There is also a tidbit I remember that Grandpa was allowed to travel home for someone's funeral. I have tried to figure out what relative that would be and the only one I can find is his father-in-law James Wright, who died May 11, 1944. So far there is no documentation of this travel.
Wilson departed for Europe on October 22, 1944, and arrived on November 2, 1944, days before the November 10 switch from arriving on Omaha Beach to arriving in Le Havre. After his hospital stay in London, he would have returned entering at Le Havre.
On Page 457 of the same book, we read the excerpt above which brings to life a part of his journey. Socks were priority over ammunition and food.
The 17th Replacement depot was located in Angervilliers, France, just south of Paris. This map is a generalized route merely to show locations of his travels, not meant to be specific routes. Chateau-Salins and Wuisse from the first Morning Report below are 12 miles apart, so it is unclear when the group traveled from one city to the next. However, it would seem he was at Wuisse on November 19, 1944.
November 17, 1944, November 19, 1944
The first Morning Report is dated November 19, 1944, Company E, 238th Infantry, stationed in Wuisce Chateau Salins. He was assigned affective November 17, 1944, so it would seem there was a few days of travel from Angervilliers to Wuisse and Chateau Salins area.
1/50000 is the map and Sheet 35-144804265 (I believe) is the supporting map.
110 EM asgd and jd fr Hq 81st Repl Bn APO 873 U.S. Army per Par 1 SO 4290 Hq 17th Repl Depot aff 17 Nov 44 Race W (copy attached)
Decoded: 110 enlisted men assigned and joined from Headquarters 81st Replacement Battalion Army Post Office 873 per paragraph 1 special orders 4290 Headquarters 17th Replacement Depot affective November 17, 1944, race white (copy attached)
Attached on several sheets are a list of 110 men joining Company E, 328th Infantry.
Decoded: Rutledge, Wilson A., Rank: Pvt (private); ASN (Army Service Number): 57638312; MOS (Military Occupational Specialty): 745 (rifleman); Skill: S SK (semi-skilled); MCO (Main Civilian Occupation): 010 (Mining and Petroleum Engineering Occupations)
In the book G Company's War, Two Personal Accounts of the Campaigns in Europe, 1944-1945, by Bruce E. Egger and Lee MacMillan Otts, on Page 45, we read a summary of what happened just prior to Wilson arriving on the line. One of the writers of the book, Lt. Lee M. Otts, is transferred to E Company. Grandpa would join Easy Company the same time that Otts transferred companies. Wilson was fortunate to have missed the previous week.
The map on Page 45 of the same book shows the dotted line as the front line on December 19, 1944, the day Wilson arrived on the front line.
Egger, in G Company of the 328th, describes the frostbite and trenchfoot that Wilson would suffer from in the coming days. (The blue highlights I made years ago as I was highlighting any reference in this "G Company's War" to E Company, searching for instances that would relate to Grandpa).
On Page 47 of "G Company's War" we begin to read the writing of 2nd Lt. Lee Otts first hand account as he arrived to E Company at the same time as Wilson was arriving as replacement troops. We read that 782 enlisted men joined the 328th, but we know from the above Morning Report that 110 of the enlisted men went to Easy Company. On Page 39 of the book, Egger indicates on November 14 that 150 men were left in E, F, and G Companies out of the normal complement of 525 men.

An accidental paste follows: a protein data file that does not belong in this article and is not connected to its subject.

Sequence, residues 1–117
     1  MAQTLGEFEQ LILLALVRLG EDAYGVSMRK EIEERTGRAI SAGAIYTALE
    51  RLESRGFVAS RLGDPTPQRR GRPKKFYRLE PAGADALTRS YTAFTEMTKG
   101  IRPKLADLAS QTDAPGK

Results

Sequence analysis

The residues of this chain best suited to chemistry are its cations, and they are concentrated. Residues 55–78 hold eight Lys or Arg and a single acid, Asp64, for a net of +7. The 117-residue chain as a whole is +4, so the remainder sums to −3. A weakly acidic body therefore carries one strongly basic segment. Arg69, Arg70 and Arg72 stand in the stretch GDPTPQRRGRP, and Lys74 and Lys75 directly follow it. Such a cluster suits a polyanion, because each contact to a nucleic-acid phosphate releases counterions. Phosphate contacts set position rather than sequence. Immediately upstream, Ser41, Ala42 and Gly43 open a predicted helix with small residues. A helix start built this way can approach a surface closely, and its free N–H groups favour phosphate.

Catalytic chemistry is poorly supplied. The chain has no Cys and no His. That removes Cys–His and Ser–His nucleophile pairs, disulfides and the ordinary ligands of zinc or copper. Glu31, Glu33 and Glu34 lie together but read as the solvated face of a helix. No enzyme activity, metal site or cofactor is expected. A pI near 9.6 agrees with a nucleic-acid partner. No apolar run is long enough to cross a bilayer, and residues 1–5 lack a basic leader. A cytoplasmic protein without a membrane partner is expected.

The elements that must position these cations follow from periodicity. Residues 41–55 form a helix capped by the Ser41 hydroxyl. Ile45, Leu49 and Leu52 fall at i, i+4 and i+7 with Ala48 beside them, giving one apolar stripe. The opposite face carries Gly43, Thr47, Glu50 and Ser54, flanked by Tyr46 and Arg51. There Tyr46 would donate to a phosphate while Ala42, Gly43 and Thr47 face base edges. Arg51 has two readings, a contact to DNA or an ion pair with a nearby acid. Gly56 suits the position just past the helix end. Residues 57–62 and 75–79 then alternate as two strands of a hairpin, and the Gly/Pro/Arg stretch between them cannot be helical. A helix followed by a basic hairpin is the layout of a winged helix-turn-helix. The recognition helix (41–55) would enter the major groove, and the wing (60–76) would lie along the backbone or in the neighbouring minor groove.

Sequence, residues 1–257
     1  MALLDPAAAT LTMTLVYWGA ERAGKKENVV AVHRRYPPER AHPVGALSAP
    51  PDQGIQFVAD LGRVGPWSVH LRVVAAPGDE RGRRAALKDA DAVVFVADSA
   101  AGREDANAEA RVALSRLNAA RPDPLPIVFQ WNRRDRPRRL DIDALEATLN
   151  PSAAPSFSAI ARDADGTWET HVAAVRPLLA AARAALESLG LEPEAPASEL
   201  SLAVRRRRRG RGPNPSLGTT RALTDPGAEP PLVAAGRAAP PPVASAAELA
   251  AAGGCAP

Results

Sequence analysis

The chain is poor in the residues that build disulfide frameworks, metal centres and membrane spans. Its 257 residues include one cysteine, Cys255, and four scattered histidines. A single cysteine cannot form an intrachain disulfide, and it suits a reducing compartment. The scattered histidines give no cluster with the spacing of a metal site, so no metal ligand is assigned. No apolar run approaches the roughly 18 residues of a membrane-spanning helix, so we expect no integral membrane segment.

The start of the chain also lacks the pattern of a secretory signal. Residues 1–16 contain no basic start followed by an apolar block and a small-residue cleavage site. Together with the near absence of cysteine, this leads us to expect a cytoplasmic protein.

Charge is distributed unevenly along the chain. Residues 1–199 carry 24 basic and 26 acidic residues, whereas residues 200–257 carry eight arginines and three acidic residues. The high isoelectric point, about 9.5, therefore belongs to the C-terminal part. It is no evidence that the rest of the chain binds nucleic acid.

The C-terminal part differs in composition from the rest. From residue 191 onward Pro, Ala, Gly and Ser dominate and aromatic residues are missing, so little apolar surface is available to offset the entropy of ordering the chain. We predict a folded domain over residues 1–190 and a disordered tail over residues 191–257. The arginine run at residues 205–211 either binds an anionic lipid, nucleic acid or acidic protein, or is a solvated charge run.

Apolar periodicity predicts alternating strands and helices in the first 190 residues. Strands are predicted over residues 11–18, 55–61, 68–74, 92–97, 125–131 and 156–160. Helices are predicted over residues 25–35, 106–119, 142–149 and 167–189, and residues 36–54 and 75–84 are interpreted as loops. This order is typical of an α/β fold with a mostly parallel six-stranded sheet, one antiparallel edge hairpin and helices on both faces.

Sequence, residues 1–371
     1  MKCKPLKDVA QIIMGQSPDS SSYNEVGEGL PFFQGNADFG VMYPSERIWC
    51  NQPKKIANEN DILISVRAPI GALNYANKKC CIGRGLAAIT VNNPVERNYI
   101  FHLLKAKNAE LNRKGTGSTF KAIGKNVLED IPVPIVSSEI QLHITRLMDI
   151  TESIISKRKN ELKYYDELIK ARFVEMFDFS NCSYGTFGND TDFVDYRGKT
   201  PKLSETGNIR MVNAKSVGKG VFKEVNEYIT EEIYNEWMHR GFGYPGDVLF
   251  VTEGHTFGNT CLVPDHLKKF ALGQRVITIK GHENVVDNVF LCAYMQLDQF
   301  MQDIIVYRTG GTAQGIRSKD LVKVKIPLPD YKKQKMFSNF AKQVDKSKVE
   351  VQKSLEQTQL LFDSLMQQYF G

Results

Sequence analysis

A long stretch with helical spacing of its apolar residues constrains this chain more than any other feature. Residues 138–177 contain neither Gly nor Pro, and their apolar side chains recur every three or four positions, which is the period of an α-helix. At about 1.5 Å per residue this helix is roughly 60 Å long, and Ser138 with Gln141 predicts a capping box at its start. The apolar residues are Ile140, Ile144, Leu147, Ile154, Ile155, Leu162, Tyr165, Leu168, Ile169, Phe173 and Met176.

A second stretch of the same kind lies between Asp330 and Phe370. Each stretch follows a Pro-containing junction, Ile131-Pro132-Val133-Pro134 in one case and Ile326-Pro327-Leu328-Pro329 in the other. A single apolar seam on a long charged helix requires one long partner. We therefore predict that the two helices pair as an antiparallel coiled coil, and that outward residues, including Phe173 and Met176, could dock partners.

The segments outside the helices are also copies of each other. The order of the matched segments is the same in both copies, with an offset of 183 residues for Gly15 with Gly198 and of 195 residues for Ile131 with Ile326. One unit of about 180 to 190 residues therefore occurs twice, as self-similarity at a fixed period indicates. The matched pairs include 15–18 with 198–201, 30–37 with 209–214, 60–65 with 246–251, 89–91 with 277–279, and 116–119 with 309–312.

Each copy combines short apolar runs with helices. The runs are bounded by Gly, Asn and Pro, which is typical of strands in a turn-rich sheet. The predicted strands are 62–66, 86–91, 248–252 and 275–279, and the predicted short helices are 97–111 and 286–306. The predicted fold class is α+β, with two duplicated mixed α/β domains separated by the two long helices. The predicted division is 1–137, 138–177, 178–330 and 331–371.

Continuing 2nd Lt. Lee Otts account of December 18, 1944, we read of Wilson's placement with Easy Company on December 18, 1944, which is reflected in the Morning Report of December 19th.
On Page 49 we finish 2nd Lt. Lee Otts account of November 18, 1944.
From the book Handcar White, a History of the Second Battalion, 328th Infantry European Theatre of Operations by Sergeant Ralph A. Anderson Jr., 1945, Page 27.
In the book "G Company's War" on Page 49 we read Egger's account of G Company for December 19, 1944.
On Page 50 of "G Company's War" we read 2nd Lt. Lee Otts account of November 19, 1944, and the morning of the 20th. We read of the men who were killed the same day that Wilson arrived. I wish I knew what platoon Wilson was assigned.
On Page 51 we finish reading 2nd Lt. Lee Otts account for November 19, 1944.
November 20, 1944
The Morning Report for November 20, 1944, is from the location of Wuise Chateau Salins. There was no change in location.
This image of from Chateau Salins on November 17, 1944 (source iBiblio.org); see other photos of the area on this page.
This is Otts entry in "G Company's War," (page 52) for E Company, for November 20 1944.
This operational background follows Otts' entry on page 52 of "G Company's War." Wilson was in the 2nd Battalion. Companies A, B, C, and D became the 1st Battalion; Companies E, F, G, and H became the 2nd Battalion, and Companies I, J, K, L, and M became the 3rd Battalion.
November 21, 1944
The November 21, 1944 Morning Report from Torcheville Sarre-union gives a record of events. Company E left Wuisse For Dieuze, traveled by motor, distance traveled approximately 4 miles. Left Dieuze 0930 (9:30 a.m.), traveled by motor 7 miles and by foot 3 miles, arrived at town of Torcheville, 1630 distance traveled approximately 10 miles. Holding positions on the line.
The numbers in parantheses on the map I believe to be longitude and latitude coordinates (some day I hope to figure those out).
This map marks the route by car today from the Chateau-Salins/Wuisse area to Dieuze and then Torcheville. The group traveled from Wuisse to Dieuze by motor which is 4 miles and then another 10 miles to Torcheville.
This map estimates the 7 miles by motor from Dieuze to Torcheville where they began to walk.
This map estimates the 3 miles walking distance, which puts the group in the fields near a lake south of Tourcheville.